Now that the Trump tax cuts have been passed and US companies have had the opportunity to incorporate the changes into their projections, we are starting to see big payoffs, particularly for banks. This development is supportive of further gains in share prices.
This is a thought piece. And so it’s going to be relatively) brief since I haven’t fleshed out all of my ideas here. But I want to run something by you based on a piece Matt Klein wrote over at FT Alphaville on macro policy. Let me point to the […]
I think I have the answer to at least one question: why was the Fed talking to big money investors in the first place. My thoughts follow below.
This week all eyes will be on the Fed because of its expected interest rate hike and the messaging that will accompany its policy decision. But credit markets should also be focused elsewhere, because credit growth has been decelerating across a wide array of markets for months now. And this trend has not let up in recent months.
For years, many Fed watchers have claimed that the Federal Reserve has a secret third mandate beyond inflation and full employment. And this past February 21st, for the first time a Fed President said directly that, indeed, the Fed does have a third mandate: financial stability.
While most analysts have been focused on credit growth which has re-emerged after the sovereign debt crisis, cross border inter-bank lending has decreased, fragmenting the euro zone along national lines. In a crisis scenario, one should expect that fragmentation to increase dramatically, putting extra stress on national central banks and increasing financial fragility in the eurozone’s periphery.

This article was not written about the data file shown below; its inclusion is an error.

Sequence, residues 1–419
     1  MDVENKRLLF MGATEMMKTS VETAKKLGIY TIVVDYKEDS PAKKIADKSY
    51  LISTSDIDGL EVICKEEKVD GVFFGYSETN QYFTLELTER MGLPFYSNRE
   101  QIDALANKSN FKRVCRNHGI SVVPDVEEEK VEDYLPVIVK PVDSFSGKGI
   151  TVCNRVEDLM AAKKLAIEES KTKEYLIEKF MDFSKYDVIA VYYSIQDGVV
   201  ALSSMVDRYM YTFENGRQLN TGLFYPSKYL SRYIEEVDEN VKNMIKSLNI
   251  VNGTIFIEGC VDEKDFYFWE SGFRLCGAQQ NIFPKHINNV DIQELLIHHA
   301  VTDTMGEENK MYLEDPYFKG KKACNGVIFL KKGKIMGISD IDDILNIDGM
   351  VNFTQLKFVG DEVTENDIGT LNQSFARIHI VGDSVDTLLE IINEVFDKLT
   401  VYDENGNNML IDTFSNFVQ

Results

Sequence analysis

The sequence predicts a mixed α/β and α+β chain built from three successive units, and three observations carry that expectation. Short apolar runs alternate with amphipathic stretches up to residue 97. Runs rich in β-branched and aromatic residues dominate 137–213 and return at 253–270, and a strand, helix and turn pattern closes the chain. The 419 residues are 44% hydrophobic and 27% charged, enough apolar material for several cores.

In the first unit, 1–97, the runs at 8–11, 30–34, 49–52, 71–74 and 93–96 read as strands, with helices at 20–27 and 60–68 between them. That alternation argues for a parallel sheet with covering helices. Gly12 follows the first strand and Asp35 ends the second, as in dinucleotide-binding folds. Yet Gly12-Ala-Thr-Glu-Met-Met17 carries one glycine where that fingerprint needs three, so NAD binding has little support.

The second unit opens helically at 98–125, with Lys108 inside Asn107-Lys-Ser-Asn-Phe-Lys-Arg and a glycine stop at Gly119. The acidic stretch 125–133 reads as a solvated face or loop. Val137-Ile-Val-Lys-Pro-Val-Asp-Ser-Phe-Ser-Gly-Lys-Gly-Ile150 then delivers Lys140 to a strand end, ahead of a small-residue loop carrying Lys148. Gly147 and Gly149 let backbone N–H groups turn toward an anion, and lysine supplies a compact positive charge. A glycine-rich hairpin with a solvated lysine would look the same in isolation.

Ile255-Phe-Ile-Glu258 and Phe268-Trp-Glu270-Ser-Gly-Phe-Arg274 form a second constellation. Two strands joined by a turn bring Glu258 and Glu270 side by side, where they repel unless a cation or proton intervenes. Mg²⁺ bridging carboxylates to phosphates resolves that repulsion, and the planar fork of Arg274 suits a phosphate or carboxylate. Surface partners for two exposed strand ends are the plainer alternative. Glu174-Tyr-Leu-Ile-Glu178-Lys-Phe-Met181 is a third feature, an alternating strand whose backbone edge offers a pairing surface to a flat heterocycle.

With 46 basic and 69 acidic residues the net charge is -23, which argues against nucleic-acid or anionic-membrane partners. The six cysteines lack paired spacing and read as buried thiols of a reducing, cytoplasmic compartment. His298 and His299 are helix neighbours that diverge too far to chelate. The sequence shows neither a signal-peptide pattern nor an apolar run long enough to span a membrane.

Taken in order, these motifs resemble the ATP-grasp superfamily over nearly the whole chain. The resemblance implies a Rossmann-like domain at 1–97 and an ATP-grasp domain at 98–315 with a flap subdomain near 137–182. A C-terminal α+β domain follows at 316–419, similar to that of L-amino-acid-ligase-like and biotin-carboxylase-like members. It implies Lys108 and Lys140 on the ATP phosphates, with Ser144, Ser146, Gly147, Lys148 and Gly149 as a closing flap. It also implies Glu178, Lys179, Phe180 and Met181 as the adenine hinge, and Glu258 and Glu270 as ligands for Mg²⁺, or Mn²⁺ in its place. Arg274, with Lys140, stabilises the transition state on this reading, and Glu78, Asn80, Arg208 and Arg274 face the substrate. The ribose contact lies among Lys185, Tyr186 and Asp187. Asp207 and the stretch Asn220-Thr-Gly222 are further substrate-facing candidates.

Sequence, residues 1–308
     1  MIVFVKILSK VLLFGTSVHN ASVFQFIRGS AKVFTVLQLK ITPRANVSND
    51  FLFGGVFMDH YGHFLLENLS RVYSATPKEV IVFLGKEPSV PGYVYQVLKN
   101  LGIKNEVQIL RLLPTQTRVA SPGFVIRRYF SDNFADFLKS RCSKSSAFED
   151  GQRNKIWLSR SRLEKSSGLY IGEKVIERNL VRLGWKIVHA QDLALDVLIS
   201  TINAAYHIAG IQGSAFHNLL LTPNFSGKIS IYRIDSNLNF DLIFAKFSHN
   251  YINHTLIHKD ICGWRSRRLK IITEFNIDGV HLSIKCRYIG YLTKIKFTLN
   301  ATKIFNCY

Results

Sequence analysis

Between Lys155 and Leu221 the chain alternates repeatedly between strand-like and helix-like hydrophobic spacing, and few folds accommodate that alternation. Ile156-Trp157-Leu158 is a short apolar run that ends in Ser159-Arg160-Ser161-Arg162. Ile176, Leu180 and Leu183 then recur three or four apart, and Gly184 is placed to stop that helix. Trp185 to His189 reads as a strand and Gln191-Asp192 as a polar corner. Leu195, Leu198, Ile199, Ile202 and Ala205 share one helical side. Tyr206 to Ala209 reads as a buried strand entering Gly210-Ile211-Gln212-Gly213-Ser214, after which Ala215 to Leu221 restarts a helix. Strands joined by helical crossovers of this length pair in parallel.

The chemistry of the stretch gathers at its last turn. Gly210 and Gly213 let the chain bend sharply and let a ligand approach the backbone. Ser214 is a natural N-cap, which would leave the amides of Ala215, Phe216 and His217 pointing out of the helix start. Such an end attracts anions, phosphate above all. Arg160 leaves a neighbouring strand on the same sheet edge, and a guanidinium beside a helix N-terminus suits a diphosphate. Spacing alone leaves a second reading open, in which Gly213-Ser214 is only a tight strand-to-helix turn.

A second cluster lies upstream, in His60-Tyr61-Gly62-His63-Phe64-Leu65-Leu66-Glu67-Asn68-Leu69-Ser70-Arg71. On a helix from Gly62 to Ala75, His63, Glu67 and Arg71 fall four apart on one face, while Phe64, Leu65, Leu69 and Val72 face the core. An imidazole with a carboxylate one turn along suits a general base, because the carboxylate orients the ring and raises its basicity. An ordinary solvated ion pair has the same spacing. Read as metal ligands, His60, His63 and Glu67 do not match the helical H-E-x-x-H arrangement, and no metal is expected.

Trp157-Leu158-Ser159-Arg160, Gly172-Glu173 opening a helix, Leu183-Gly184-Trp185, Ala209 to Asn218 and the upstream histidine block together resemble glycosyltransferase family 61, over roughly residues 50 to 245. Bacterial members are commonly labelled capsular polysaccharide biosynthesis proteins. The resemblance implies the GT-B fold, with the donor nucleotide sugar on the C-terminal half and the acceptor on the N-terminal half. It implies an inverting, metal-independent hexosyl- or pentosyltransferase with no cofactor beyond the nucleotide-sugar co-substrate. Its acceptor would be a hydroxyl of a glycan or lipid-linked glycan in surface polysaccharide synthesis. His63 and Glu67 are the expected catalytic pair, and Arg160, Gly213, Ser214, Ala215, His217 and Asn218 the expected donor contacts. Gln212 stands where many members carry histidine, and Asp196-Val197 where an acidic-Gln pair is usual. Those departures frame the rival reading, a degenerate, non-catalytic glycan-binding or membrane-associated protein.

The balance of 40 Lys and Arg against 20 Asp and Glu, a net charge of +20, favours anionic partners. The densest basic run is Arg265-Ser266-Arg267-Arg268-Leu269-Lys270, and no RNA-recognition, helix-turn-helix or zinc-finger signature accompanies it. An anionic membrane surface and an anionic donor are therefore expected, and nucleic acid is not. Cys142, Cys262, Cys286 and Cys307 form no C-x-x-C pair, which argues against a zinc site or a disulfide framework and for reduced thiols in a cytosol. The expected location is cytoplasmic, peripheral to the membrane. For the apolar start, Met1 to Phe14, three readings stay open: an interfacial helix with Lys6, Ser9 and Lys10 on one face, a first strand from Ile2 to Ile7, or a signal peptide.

The unexpected ‘Leave’ victory in the recent referendum on EU membership introduces considerable political risk by elevating tail risk scenarios to reasonable worst case status. However, in a global economy that is already slow and already lacks policy space, the referendum outcome also introduces economic and financial risk. Below I have some general thoughts on those risks, with the US dollar, Italian banks, and Japanese deflation foremost among them. At a later point, I hope to also go into some more detailed scenario handicapping.
Since the Global Crisis, interest rates in many advanced economies have been low and, in many cases, are expected to remain low for some time. Low interest rates help economies recover and can enhance banks’ balance sheets and performance, but persistently low rates may also erode the profitability of banks if they are associated with lower net interest margins. This column uses new cross-country evidence to confirm that decreases in interest rates do indeed contribute to weaker net interest margins, with a greater adverse effect when rates are already low.
The primacy of monetary policy continues unabated as central banks go further and further down the rat hole of increasingly desperate measures to boost demand. First, it was quantitative easing. Now, the latest scheme is negative interest rates. They tell us that monetary policy is not exhausted and that still more policy initiatives lie ahead, particularly helicopter money. However, we should be sceptical that any of these policies will gain meaningful traction before another economic downturn. Brief comments below
About a month ago, I wrote a post on how market contagion would happen due to deteriorating credit conditions in energy high yield. And while this doesn’t necessarily lead to recession or financial crisis, it has already meant a real economy slowdown in the US. When the business cycle does […]
There are a lot of competing narratives going around as to why Greece is in such trouble relative to the rest of the eurozone. A lot of this centers on whether Greek fiscal profligacy or poor credit controls by foreign banks was the main cause of the Greek debt crisis. Let me throw my hat into this ring with a few comments. What I say below will generally shade toward the problem being one of fiscal profligacy worsened by an ECB monetary policy that was inappropriate for the eurozone periphery as a whole and Greece in particular.
The existence of capital controls eliminates contagion and makes it possible to bail-in deposits that would normally be considered to have systemic consequences. The more I look at it, the less benign this bailout deal appears. Indeed it looks to me as if it was set up to do considerable damage to the Greek economy. Once this becomes apparent, Greeks are surely likely to change their minds about staying in the Euro.